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Wednesday, August 18, 2010

A Farewell to Arms? (or, The Demise of Barnes and Noble?)



I think the writer is spot on when it comes to this particular business running a rat race well behind the proverbial curve. Who could not see this coming a decade ago? I did and I am not much of a clairvoyant.

The devolution has been painful to witness, especially given my line of work.
 
Thoughts?
 
--tps

5 comments:

Anonymous said...

Visited my BN today, to brouse, not to buy. A good place to meet women you'd want to talk to.

BUT...

Marketing competition is not unlike a war. The book store as a 'Payload delivery system' is going the way the way of the manned bomber and fighter plane.

Not about performance, but practicality. We just don't have need for very many of them any more, not when technology makes it easier, faster and cheaper to do it a better way.

Publishers, take notice.

Robert said...

I worked for B&N about 13 years ago. It is a different world now. I go into the store I worked at and it makes me sad. Entire sections (including the Civil War) have been reduced to mere shelves of really non important works. Gone are the deep back lists and replaced with toys, games, nick naks, (read higher profit margin) and loads of best seller shlock that can be purchased at any supermarket or drug store. Gone are real book people and hired are those who just need a job and work cheap. Most can find James Patterson or Danielle Steele but ask about something meaningful and MAYBE they can find it in their computer. Oh well, who needs a printed book when you can purchase a Nook right at the front door. Oh yeah, don't forget your Starbucks on the way out. Sad really.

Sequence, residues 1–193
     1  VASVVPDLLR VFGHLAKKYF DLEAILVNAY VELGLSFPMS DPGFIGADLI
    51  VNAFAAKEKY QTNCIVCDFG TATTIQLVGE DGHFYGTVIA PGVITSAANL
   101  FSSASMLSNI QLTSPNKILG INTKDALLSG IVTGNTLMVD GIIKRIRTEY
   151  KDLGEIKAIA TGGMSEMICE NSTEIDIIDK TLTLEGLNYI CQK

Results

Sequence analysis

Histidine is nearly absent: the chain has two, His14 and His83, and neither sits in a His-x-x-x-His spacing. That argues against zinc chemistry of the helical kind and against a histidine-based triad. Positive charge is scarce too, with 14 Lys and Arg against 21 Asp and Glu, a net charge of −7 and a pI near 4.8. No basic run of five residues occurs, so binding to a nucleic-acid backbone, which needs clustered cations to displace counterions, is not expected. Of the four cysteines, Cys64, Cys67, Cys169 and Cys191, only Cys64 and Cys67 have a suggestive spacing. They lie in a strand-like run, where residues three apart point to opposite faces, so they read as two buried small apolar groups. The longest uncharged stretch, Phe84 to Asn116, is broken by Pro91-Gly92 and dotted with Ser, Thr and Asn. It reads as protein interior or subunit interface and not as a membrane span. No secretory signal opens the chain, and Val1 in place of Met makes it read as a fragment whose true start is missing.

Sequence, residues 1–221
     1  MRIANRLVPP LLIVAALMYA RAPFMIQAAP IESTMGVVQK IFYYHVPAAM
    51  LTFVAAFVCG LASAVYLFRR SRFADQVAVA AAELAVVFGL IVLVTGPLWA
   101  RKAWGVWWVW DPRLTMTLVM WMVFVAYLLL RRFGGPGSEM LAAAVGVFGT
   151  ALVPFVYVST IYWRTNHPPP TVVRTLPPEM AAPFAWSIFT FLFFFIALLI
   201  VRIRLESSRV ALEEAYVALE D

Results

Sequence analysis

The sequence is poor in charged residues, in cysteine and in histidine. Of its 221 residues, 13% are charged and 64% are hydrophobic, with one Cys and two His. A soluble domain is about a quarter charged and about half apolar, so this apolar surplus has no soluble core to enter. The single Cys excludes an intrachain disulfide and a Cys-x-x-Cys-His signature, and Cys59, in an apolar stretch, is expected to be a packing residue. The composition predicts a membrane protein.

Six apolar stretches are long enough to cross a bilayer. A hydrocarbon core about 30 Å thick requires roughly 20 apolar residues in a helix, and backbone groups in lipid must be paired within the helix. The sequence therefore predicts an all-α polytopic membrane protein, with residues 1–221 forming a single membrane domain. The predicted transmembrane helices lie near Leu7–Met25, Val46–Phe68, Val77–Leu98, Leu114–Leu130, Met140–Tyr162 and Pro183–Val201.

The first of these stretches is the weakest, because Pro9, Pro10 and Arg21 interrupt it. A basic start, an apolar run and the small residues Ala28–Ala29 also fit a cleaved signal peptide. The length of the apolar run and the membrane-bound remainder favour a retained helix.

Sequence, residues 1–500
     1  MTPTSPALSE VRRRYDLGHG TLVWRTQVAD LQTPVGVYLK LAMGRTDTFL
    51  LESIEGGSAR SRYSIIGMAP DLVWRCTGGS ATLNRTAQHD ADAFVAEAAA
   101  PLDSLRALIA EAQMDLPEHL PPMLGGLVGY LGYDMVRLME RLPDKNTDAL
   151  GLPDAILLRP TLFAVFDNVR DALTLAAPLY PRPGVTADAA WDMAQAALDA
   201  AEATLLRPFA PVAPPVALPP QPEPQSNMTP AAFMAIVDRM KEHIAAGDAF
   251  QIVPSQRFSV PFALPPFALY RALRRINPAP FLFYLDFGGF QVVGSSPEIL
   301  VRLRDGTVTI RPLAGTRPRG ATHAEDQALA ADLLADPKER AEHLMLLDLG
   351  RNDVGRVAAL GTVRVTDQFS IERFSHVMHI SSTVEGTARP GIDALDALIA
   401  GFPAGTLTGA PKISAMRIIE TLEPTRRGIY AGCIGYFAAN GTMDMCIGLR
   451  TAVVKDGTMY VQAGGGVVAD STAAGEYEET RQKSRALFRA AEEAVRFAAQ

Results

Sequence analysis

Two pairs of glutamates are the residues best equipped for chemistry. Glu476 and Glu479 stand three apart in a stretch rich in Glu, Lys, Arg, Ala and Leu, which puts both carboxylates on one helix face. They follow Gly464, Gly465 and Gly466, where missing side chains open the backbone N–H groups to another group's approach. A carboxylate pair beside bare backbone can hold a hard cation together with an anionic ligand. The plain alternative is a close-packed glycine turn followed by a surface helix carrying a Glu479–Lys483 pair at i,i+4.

Anonymous said...

Yes, it IS 'a different world now'. Back in the day, it was 'publish or perish', now it's 'evolve or be left behind.'

How can publishers deliver marketable content at a competitive price?

Whether it's the Civil War or science fiction, how do we get customers to PAY to READ?

In his heyday, Dick Clark, 'America's Teenager', told us he had 10,000 45rpm records. Sounds like a walk-in closet.

I've got 10 MILLION records on my computer. Comparing now and then is no way to go forward.

"He who demands the future, COMMANDS the future!"

TMW Man

Anonymous said...

The shelves of our local Barnes and Noble are thinly populated. I am really surprised by how few books they have in some of the history sections. More books are face out and more shelf space is bare than ever before. This ain't good.

Tery Welsh

poppie_1138 said...

I agree with the tone of these comments. I have watched B&N degrade in substance and quality over the past few years. The History section has diminished to two shelved at the B&N in my town. Lots of easy reading fad books infest the Shelves. Vampires and Zombies have become the main fare. I believe some of it can be attributed to the instant gratification Americans have become used to over the years. Reading a book of substance takes time and disicpline, but it is alwaus worth it. Read War and Peace, its amazing. It's scope and granduer could be compared to the grand canyon. As far as independent book stores the one that have the best success are the used book stores. Some great deals and good looking books can be found in them.

--ron